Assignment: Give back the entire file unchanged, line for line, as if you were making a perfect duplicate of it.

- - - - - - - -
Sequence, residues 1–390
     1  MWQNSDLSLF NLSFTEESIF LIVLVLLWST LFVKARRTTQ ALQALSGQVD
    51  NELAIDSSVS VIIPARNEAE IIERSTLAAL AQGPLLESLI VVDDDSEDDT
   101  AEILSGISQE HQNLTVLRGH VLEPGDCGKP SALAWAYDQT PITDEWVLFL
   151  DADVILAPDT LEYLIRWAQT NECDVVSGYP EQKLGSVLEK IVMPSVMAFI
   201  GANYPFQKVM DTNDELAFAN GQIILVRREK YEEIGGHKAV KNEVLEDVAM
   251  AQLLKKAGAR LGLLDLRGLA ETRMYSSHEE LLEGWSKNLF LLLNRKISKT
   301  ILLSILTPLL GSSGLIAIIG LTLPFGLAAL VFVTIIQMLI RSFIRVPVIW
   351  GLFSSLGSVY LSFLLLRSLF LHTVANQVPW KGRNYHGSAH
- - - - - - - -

Sequence, residues 1–390
     1  MWQNSDLSLF NLSFTEESIF LIVLVLLWST LFVKARRTTQ ALQALSGQVD
    51  NELAIDSSVS VIIPARNEAE IIERSTLAAL AQGPLLESLI VVDDDSEDDT
   101  AEILSGISQE HQNLTVLRGH VLEPGDCGKP SALAWAYDQT PITDEWVLFL
   151  DADVILAPDT LEYLIRWAQT NECDVVSGYP EQKLGSVLEK IVMPSVMAFI
   201  GANYPFQKVM DTNDELAFAN GQIILVRREK YEEIGGHKAV KNEVLEDVAM
   251  AQLLKKAGAR LGLLDLRGLA ETRMYSSHEE LLEGWSKNLF LLLNRKISKT
   301  ILLSILTPLL GSSGLIAIIG LTLPFGLAAL VFVTIIQMLI RSFIRVPVIW
   351  GLFSSLGSVY LSFLLLRSLF LHTVANQVPW KGRNYHGSAH